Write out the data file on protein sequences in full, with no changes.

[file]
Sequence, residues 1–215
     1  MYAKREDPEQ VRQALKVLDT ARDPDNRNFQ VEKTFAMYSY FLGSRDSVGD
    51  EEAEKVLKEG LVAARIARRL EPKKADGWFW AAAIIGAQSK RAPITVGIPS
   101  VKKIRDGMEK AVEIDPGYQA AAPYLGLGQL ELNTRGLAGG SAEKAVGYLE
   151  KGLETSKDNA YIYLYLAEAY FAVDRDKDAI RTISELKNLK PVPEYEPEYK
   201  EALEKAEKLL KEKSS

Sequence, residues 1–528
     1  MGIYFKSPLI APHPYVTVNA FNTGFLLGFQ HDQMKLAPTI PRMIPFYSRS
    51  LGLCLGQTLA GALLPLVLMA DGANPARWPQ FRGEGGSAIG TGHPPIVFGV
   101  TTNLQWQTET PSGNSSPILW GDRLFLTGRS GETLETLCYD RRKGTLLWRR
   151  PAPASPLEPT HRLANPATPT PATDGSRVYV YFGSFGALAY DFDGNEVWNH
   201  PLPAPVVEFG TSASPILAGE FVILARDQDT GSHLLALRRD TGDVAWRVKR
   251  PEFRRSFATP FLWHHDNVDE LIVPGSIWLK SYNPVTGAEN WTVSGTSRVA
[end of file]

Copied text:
Sequence, residues 1–215
     1  MYAKREDPEQ VRQALKVLDT ARDPDNRNFQ VEKTFAMYSY FLGSRDSVGD
    51  EEAEKVLKEG LVAARIARRL EPKKADGWFW AAAIIGAQSK RAPITVGIPS
   101  VKKIRDGMEK AVEIDPGYQA AAPYLGLGQL ELNTRGLAGG SAEKAVGYLE
   151  KGLETSKDNA YIYLYLAEAY FAVDRDKDAI RTISELKNLK PVPEYEPEYK
   201  EALEKAEKLL KEKSS

Sequence, residues 1–528
     1  MGIYFKSPLI APHPYVTVNA FNTGFLLGFQ HDQMKLAPTI PRMIPFYSRS
    51  LGLCLGQTLA GALLPLVLMA DGANPARWPQ FRGEGGSAIG TGHPPIVFGV
   101  TTNLQWQTET PSGNSSPILW GDRLFLTGRS GETLETLCYD RRKGTLLWRR
   151  PAPASPLEPT HRLANPATPT PATDGSRVYV YFGSFGALAY DFDGNEVWNH
   201  PLPAPVVEFG TSASPILAGE FVILARDQDT GSHLLALRRD TGDVAWRVKR
   251  PEFRRSFATP FLWHHDNVDE LIVPGSIWLK SYNPVTGAEN WTVSGTSRVA